On Monday 2 March 1964 The Beatles joined Equity, the actors’ union, only minutes before they began shooting their first film, the as-yet untitled A Hard Day’s Night.
Their union memberships were proposed and seconded by Wilfrid Brambell and Norman Rossington, their main co-stars in the film. All gathered at London’s Paddington Station, where their train left at 8.30am from platform five. However, no filming took place at the station itself.
The specially-hired train was destined for Minehead and back, where for the next three days scenes were filmed in the suitably cramped setting. There was a dining car for The Beatles to eat in, yet during their designated 40-minute food break they preferred simply to sit still instead of rolling about with the train’s movements.
The Beatles’ dialogue was recorded using microphones hidden inside their shirts, but numerous retakes were required due to sound problems.
The train bit embarrasses us now. I’m sure it’s less noticeable to people watching in the cinema, but we know that we’re dead conscious in every move we make, we watch each other. Paul’s embarrassed when I’m watching him speak and he knows I am. You can see the nervous bits normally in pictures: things like the end – you make that on one day, and on the next day you do the beginning. But we did it almost in sequence. The first we did was the train, which we were all dead nervous in. Practically the whole of the train bit we were going to pieces.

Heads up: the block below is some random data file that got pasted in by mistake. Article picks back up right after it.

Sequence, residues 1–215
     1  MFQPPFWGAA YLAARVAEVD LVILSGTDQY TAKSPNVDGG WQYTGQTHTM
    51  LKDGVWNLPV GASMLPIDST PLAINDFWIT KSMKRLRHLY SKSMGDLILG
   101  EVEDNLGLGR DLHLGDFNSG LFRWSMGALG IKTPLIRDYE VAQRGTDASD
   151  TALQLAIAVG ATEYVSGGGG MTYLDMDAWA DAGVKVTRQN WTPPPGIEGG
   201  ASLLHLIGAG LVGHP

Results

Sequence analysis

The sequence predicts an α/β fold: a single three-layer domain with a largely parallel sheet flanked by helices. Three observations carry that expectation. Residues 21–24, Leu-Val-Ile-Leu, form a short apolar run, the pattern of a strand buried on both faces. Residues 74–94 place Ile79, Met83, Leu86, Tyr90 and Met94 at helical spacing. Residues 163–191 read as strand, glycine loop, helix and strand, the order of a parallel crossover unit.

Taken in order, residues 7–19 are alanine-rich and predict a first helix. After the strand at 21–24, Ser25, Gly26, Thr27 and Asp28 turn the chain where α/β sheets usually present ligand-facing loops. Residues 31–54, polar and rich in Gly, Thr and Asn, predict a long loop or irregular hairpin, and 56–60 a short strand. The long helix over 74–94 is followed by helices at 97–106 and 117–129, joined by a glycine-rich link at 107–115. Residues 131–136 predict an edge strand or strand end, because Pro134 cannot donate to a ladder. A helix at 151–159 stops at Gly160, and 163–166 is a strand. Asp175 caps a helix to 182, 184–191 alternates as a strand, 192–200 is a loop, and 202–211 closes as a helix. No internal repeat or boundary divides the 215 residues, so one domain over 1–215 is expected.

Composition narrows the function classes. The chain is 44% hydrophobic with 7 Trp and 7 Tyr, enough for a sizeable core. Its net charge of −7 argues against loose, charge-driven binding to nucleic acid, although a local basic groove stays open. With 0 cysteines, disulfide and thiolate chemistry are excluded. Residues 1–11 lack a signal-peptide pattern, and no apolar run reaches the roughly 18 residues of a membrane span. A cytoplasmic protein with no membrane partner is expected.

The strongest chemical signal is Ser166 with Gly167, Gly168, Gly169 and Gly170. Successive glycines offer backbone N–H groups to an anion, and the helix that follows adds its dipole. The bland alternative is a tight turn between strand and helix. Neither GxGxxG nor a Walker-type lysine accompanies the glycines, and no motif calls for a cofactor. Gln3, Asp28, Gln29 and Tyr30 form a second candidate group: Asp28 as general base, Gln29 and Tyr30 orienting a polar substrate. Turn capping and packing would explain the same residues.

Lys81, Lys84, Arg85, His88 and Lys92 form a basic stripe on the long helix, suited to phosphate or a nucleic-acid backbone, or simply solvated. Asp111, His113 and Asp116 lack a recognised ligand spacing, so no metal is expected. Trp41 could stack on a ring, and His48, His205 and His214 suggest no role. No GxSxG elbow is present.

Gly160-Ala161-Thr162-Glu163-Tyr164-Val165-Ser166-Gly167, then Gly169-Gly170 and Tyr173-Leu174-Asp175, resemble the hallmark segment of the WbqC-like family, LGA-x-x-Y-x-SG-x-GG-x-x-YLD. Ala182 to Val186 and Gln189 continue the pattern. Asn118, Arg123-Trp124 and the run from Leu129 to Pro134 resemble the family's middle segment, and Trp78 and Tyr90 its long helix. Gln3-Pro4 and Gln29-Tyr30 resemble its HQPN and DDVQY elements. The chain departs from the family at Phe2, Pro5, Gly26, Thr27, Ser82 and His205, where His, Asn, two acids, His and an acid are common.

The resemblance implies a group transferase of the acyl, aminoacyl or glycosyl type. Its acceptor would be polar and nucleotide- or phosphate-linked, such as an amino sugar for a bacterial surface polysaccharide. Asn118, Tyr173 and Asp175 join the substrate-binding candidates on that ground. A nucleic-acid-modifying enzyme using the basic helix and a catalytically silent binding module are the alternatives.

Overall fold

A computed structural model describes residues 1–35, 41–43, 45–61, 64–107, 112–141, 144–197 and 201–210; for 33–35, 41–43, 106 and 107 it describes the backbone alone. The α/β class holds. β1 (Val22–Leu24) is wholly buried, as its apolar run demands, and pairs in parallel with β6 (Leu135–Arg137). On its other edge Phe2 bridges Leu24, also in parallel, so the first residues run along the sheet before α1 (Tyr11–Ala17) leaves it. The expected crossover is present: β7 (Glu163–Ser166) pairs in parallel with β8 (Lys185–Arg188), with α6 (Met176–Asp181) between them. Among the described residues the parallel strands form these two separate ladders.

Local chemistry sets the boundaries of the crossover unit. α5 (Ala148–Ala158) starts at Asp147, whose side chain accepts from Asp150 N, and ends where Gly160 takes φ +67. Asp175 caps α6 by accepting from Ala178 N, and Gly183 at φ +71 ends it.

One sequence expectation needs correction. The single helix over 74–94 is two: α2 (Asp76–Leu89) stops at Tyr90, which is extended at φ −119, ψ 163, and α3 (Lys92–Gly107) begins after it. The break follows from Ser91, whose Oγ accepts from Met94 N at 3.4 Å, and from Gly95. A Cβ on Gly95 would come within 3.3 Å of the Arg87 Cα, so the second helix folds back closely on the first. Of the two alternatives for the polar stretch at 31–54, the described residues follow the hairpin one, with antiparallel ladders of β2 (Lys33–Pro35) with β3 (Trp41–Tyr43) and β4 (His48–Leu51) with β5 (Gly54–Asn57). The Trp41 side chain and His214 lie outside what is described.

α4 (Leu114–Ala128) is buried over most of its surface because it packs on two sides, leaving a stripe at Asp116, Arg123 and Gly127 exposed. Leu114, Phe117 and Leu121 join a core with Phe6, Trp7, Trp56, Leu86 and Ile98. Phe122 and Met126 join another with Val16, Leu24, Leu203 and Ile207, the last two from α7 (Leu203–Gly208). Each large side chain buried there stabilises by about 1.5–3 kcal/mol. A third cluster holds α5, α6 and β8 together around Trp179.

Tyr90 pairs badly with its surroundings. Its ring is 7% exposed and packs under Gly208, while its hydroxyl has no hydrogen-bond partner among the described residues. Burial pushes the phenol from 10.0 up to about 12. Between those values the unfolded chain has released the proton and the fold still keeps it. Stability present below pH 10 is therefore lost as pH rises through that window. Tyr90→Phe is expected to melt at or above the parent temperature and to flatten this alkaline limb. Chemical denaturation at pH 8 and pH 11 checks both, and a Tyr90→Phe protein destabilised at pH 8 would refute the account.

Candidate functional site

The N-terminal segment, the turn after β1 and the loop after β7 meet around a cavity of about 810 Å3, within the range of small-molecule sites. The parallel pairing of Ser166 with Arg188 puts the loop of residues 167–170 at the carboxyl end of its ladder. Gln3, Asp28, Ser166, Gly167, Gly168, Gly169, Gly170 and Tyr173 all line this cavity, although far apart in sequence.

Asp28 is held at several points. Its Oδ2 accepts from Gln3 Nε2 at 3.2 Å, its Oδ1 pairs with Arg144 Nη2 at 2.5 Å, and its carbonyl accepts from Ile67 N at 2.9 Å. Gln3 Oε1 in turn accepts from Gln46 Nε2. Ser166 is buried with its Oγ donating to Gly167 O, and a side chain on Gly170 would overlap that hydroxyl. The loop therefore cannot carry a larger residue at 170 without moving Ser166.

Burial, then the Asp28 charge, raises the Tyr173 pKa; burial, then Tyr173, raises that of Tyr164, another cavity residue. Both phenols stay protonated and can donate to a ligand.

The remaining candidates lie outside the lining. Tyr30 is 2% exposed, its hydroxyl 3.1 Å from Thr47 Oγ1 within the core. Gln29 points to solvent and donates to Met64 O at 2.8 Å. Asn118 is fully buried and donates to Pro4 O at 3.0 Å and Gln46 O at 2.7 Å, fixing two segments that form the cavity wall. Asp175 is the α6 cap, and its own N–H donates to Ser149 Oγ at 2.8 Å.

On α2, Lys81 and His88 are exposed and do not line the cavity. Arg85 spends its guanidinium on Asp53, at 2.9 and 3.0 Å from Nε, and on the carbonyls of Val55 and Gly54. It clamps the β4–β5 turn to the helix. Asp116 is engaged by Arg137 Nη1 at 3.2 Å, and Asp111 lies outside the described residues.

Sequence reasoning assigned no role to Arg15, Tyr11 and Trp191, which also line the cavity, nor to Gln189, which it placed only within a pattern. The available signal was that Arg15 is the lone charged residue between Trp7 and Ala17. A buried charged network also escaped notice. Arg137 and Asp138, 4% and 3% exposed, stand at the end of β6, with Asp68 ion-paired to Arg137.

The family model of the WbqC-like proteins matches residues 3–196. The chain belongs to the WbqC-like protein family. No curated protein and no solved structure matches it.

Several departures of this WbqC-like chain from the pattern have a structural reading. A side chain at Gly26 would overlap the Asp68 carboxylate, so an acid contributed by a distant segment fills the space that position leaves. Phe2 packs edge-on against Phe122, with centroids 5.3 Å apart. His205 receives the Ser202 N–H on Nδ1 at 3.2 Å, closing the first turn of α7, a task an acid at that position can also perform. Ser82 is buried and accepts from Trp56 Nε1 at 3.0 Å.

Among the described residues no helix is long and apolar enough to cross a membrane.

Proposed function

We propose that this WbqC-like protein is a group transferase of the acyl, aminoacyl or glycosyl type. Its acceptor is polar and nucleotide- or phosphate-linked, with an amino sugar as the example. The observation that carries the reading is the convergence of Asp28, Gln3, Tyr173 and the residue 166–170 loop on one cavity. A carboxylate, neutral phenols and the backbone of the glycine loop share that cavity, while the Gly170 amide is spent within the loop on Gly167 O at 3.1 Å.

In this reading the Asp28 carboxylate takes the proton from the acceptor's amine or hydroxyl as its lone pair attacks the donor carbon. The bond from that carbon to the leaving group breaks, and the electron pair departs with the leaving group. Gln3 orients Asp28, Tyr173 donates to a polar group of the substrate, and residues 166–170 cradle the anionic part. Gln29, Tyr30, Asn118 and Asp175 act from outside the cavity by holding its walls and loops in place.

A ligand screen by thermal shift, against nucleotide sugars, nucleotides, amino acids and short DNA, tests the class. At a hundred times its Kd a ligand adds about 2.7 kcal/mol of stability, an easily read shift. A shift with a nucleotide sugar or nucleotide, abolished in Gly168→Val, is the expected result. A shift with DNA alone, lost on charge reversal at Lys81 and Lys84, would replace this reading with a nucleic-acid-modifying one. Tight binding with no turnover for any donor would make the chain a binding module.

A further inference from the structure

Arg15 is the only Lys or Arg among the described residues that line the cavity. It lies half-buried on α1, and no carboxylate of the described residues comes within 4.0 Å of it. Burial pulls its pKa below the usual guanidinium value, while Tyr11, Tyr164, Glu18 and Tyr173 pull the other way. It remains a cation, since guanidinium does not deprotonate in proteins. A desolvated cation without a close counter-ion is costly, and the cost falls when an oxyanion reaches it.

The scenes of Beatlemania which greeted the group as they embarked on their journey caused a rethink in subsequent days’ filming. For the next five days they boarded at Acton rather than Paddington, and in the evenings were met by their chauffeurs at a variety of smaller suburban stations.
Filming for A Hard Day’s Night ended on 24 April 1964.